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Op-ed: As US job loss hits 26.4 million, it's time to talk to kids about financial reality of coronavirus crisis

Jack E. Kosakowski, president and CEO of Junior Achievement USA
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Key Points
  • On Thursday more than 26.4 million Americans have filed unemployment claims as a result of the coronavirus crisis.
  • A new survey of 1,000 teens by Junior Achievement and Citizens Bank|Citizens One shows that 69% of teens are concerned about the financial impact of COVID-19 on them and their families.
  • To help kids navigate these difficult times, it's essential to be open with them about how you are managing the financial aspects of the coronavirus in terms they can understand.
Nancy Ney | Photodisc | Getty Images

The COVID-19 pandemic is not only the most significant public health crisis facing the world in a century, it's also an economic one. Over a span of just five weeks, more than 26.4 million Americans have filed unemployment claims as a result of the crisis, a number that is expected to grow as the pandemic continues. This total now surpasses all of the job gains since the Great Recession, the two year financial crisis, from 2007–2009, in which 8.8 million Americans lost their jobs — that's just one-third of the total number of unemployed in the U.S. today.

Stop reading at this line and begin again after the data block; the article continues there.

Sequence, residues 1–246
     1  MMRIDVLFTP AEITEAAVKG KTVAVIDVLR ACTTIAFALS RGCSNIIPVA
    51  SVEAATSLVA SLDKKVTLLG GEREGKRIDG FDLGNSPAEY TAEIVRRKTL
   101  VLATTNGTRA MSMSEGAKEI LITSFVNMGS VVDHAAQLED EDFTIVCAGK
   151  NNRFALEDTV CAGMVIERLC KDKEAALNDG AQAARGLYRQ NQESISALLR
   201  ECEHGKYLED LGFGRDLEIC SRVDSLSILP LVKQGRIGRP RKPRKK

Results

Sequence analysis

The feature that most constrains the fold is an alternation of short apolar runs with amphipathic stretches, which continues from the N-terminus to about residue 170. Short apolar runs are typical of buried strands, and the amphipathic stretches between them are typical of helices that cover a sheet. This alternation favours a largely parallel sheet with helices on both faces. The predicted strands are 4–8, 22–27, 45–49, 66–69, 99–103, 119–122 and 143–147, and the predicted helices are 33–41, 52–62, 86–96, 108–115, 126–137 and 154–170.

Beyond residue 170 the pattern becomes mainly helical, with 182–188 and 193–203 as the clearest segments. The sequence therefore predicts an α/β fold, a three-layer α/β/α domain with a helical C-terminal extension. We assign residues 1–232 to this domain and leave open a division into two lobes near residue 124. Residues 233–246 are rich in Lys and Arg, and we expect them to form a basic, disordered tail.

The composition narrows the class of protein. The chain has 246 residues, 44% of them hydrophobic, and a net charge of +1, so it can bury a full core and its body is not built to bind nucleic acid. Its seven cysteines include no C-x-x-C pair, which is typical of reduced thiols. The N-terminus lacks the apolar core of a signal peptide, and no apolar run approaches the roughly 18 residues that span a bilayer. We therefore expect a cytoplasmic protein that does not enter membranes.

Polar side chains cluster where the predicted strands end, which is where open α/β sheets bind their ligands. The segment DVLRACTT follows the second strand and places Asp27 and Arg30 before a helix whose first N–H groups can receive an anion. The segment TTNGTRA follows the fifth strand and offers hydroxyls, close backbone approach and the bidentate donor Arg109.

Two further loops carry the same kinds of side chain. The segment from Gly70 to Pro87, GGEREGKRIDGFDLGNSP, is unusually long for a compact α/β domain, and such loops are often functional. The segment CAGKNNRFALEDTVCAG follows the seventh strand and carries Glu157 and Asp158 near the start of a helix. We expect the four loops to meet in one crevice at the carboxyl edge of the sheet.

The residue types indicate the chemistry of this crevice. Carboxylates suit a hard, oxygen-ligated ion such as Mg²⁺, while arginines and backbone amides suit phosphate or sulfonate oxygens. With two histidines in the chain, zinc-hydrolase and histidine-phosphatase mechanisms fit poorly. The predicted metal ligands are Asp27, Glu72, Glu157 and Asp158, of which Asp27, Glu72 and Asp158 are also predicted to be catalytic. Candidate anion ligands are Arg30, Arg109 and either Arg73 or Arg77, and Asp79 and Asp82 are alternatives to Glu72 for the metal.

A new survey of 1,000 teens by Junior Achievement and Citizens Bank|Citizens One shows that 69% of teens are concerned about the financial impact of COVID-19 on them and their families. In these circumstances, there is a tendency for parents and caregivers to avoid discussing finances with kids, as there is an inclination to shelter and protect those who depend on us.

But kids see what's happening in the news and on social media. That's why it's essential to be open and discuss with them the financial realities of the coronavirus. 

Here are some ways to start the conversation.

Approach your kids first. Just because kids aren't asking questions doesn't mean they aren't worried. Be open to discussing with your kids how you are managing the financial aspects of Covid-19 in terms they can understand but that are reassuring.

Encourage questions — and reassure them with solid answers. If you've never discussed finances with your kids in the past, chances are they aren't going to start asking questions now. Ask for their questions and, even if you don't have all of the answers, let them know you are working on solutions.

Focus on the future. If you have a high-schooler planning for college, discuss what changing finances might mean for them and come up with a plan that may include cuttings costs, such as attending school online initially, starting in community college or even delaying studies for a semester.

"Today, Junior Achievement  teamed with CNBC's Invest in You: Ready. Set. Grow team, CNBC's financial wellness and education initiative in partnership with Acorns, to host "Tomorrows Are More Important Than Ever: A Virtual Town Hall for America's Teens" on the financial impact of Covid-19.

The more we understand a problem, the better equipped we are to deal with it. Let's give our kids the knowledge needed to help navigate these difficult times.

— By Jack E. Kosakowski, president and CEO of Junior Achievement USA

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Disclosure: NBCUniversal and Comcast Ventures are investors in Acorns.